Every Breath You Take
Recent events in India and Indonesia have brought the air quality risk into sharp focus. What does this risk mean in the UK and how it is modelled? How big is it? What is being done about it?

In early November 2019 the international news featured the people of Delhi struggling with truly awful levels of air pollution.  A Minister declared that the conditions were 'unbearable' and India’s highest court accused the government of side-stepping the issue.  Meanwhile, 30 flights were diverted away from the city on one day, emergency legislation was brought in to restrict private car usage, schools were closed, construction work stopped, five million masks were handed out and a public health emergency was declared.

This comes about only a month or so after similar conditions were endured by people in large swathes of Indonesia. The cause was different, but the effects were similar.  In India, Delhi’s high pollution is a regular event which is usually associated with crop stubble burning, the use of wood and cheap biomass domestic fuel, vehicle traffic and industry.  In Indonesia the cause was forest clearance, mainly clearing the rain forest to create huge plantations of oil palms.

Air pollution events like these tend to happen when the direct cause combines with the right weather conditions.  This means a dry period of high pressure and low wind speeds, which lead to poor atmospheric 'mixing' so that harmful gases and particulates tend to hang around. 

So, is this just a temporary hassle that will clear when the weather changes? And what’s it got to do with the UK?  The answers are 'no' and 'a lot' respectively.  A 2009 report from the World Health Organisation estimated that 300,000-400,000 people die every year as a direct consequence of air pollution in India alone.  Since then, air quality has got steadily worse; it has been reported that half the children in Delhi have abnormalities in their lung functions. 

In the UK, poor air quality is a significant risk.  It is on the National Risk Register and it is rated 'high'.  This might seem odd.  In folk memory you’d have to go back to the mid-1950s, and the era of urban smog 'pea-soupers', to find a really telling example.  In fact, a 4-day smog in London in 1952 is thought to have killed up to 6,000 people. Since then changes in fuel usage and clean air legislation have made such events a thing of the past.  Almost.

If we get weather conditions associated with poor atmospheric mixing it can produce a concentration of ozone at ground level and/or a local build-up of particulates – mostly from traffic pollution.  Both are bad for you!  They can exacerbate existing health conditions, leading to more illness or death.  This can increase pressure on the healthcare system and cause both economic and environmental damage that could last for much longer than the event itself.  Conditions are not likely to look like London in the 1950s or Delhi last week, unless we get a large Saharan dust storm or a very big wildfire.  Our last Saharan dust storm was in April 2019 and it was relatively mild.  This is an example of how our air quality can be temporarily damaged by events taking place elsewhere, and sometimes quite far away – weather being no respecter of national boundaries.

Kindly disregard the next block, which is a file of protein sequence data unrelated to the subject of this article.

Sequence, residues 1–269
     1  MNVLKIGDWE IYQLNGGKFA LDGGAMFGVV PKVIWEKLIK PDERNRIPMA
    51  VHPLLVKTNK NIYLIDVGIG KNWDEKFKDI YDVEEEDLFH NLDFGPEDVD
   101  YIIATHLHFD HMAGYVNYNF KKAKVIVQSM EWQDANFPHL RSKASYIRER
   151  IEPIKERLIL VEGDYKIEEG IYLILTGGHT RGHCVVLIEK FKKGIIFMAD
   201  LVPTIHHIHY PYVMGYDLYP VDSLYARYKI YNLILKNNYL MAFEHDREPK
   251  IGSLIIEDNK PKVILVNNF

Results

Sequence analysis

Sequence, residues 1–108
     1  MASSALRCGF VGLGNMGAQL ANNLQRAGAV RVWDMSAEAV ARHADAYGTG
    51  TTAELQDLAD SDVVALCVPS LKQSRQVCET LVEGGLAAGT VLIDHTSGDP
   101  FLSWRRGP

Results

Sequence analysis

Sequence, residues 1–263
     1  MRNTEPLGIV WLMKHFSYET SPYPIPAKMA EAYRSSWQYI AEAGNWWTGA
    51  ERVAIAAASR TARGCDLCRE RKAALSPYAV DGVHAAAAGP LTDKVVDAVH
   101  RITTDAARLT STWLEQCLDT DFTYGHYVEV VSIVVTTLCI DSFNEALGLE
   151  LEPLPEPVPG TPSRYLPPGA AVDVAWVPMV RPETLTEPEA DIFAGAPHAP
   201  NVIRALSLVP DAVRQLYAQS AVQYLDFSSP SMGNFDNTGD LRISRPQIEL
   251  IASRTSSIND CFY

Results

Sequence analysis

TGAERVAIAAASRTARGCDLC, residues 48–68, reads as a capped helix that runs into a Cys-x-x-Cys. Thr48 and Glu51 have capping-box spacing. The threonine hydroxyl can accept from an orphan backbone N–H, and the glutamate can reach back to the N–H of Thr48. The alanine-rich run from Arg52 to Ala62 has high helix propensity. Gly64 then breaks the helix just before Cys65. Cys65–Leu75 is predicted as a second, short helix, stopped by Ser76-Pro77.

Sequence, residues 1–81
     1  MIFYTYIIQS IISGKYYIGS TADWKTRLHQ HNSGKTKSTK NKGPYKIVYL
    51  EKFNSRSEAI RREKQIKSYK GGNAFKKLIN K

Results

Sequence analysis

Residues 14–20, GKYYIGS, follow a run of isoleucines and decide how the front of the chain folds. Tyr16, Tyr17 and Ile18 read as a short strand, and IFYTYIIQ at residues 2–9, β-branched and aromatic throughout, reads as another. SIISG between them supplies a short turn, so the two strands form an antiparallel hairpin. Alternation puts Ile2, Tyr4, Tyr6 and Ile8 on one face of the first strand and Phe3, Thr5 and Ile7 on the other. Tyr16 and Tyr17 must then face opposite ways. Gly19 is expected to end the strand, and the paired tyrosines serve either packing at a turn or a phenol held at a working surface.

Overall, the potential effects are serious enough to demand emergency planning and a prepared response. 

But what’s the evidence? The principal cause for concern is, of course, human welfare.  In 2006 we had two spells of heatwave lasting almost a fortnight each.  These led to high levels of ozone and airborne particulates.  As a result, just under 1200 people died and another 1500 needed hospital treatment.  2015 saw two particle pollution episodes that caused poor air quality across the UK, and two other instances of raised ozone levels. So, it is a risk and it is significant – even in a country like ours with relatively high standards of air quality and relatively low levels of atmospheric pollution.

So, what are we doing about it?  This falls into 3 basic categories of preparedness and planning:

  • Regulation (to mitigate likelihood)
  • Monitoring, warning and informing (to mitigate impact)
  • Ensuring access to health advice and services for those at risk (also to mitigate impact)

The government has an air quality plan for tackling urban traffic pollution.  It can be seen here.

The Department for Environment, Food and Rural Affairs (DEFRA) manages the national Daily Air Quality Index.  This is a very straightforward and useful monitoring tool, which is used in conjunction with expert medical advice when pollution levels are high enough to warrant it.  It is supported by a Twitter feed and a telephone helpline (0800 556677).  You can use the latter to hear a readout of the air quality index measurement in your area of the UK – which is updated hourly. This is based on measurement of the 5 main pollutants, including harmful gases and particulates.

If you think you or others might be at risk, we suggest you go to the National Risk Register.

Pages 27 and 28 cover this risk.  Follow the links to other several government and Met Office sources for a wealth of very accessible advice on how you can keep yourself and others well informed and safe.